cnet without Waptags  In one of the posts featured in last week’s Carnival of the Mobilists, Justin Oberman at mopocket did a nice write up of an ambitious new mobile site from mPulse called WapTags that combines personal homepages, a mobile rss aggregator, social tagging, chat, SMS and classified adds. Justin did a fine job of explaining WapTags so I won’t repeat what he said. If you haven’t used WapTags, go read Justin’s piece and give it a try. I’ve added it to the YesWap.com mobile directory under Search|Web/Wap Search to make it easy for Yeswap users to find. There’s also a good interactive demo of WapTags on mPulse’s site.

The web and news search part of WapTags is very similar to a concept Charlie Schick wrote about on Lifeblog some time ago in a piece entitled A website, wrapped in a transcoder, inside a browser. When you follow a link in WapTags, the page you see is rendered using WapTags’s proxy. Unlike in Charlie’s proposal the proxy doesn’t do any transcoding – it doesn’t need to because WapTag’s search only finds mobile sites. What the proxy does do is add two links to the bottom of every page from the remote site. One link just takes you back to WapTags but the other lets you tag the page. Wow, this is the mobile equivalent of a del.icio.us or digg bookmarklet. The images should make it clear how this looks. The first image shows the cnet mobile site as it normally appears while the second image shows the same site as it appears in WapTags with the two links. Pretty unobtrusive and very powerful.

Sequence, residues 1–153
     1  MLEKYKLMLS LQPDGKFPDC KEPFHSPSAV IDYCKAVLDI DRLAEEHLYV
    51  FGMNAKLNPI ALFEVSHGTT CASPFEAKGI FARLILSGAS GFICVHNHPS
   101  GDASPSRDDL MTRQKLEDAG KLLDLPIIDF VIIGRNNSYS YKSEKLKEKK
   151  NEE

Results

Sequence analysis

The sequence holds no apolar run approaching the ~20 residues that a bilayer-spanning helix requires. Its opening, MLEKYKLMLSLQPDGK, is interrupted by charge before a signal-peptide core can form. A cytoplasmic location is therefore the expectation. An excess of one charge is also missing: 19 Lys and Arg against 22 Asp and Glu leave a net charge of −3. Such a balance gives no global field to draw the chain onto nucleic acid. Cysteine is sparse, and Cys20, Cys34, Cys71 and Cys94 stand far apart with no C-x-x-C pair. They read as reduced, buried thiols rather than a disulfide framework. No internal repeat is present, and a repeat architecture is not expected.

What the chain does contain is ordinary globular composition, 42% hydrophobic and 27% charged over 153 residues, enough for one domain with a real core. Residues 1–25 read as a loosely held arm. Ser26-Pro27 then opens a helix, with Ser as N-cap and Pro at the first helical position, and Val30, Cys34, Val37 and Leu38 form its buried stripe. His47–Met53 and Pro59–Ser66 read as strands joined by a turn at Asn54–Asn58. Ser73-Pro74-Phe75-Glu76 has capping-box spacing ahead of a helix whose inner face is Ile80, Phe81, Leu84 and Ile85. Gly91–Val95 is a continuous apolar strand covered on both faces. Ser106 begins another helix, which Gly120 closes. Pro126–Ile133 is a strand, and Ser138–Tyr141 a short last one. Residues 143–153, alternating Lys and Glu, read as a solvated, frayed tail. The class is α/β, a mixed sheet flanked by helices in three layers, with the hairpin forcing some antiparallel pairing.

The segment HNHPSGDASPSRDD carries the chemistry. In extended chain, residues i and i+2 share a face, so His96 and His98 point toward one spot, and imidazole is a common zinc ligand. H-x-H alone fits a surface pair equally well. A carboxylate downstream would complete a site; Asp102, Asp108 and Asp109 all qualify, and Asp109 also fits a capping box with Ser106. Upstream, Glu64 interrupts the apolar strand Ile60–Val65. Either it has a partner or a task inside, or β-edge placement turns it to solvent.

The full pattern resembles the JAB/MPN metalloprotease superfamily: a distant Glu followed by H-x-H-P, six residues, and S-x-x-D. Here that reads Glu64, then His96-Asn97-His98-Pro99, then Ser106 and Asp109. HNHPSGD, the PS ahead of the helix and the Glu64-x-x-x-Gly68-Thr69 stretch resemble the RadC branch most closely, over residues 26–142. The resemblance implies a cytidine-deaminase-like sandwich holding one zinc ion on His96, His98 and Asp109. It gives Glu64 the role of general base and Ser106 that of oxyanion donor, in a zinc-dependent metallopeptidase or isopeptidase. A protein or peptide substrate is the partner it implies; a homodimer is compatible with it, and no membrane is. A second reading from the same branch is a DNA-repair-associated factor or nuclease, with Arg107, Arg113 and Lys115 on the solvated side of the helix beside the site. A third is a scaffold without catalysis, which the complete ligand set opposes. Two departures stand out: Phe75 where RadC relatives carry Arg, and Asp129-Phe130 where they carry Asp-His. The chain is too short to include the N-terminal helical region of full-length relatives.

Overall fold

cnet with Waptags  
My own experience with WapTags is that it has great potential although it still has that beta quality of not being quite finished. The main thing I’m missing is that I’d like to be able to tag any site – not just the ones WapTag’s search can find. You can search for sites and feeds and tag the ones you like from within the search results, however you can’t tag an arbitrary URL like you can with del.icio.us. The search engine seems to work pretty well most of the time but if it doesn’t find the site you want to add you’re out of luck. Justin liked WapTag’s rss feed reader, and indeed it works well with the mopocket site. However with Wap Reviews’s feeds, when you click on an item WapTags only displays the item’s description and then stops without showing the full content (my feeds are full feeds, BTW). Finally, I’m no prude but to those who are, WapTags’s “safe search” filter doesn’t seem to work. Regardless of whether it’s on or off, even innocuous searches like “Nokia financial report” turn up plenty of adult material.

I think that the mPulse team have a very powerful and addictive new mobile web paradigm in WapTags. In addition to the easy bookmarklet-like tagging, the classifieds with SMS followup and the forthcoming “missed connections” feature are unique to the mobile web as far as I know. There’s so much good stuff in WapTags. I can see this really taking off.

WapTags: xhtml-mp   Features: ***** Usability: ***

2 thoughts on “WapTags

  1. Pingback: Under the Radar » Blog Archive » More social with your mobile with mPulse

  2. Thanks for the write-up, Dennis. If anyone has questions, don’t hesitate: paul at mPulsemedia dot com.

    P.S. The safe search is a lot better. Whew! Also, we’ll add the “dah” feature to ad your own links, and broaden the resources we search.

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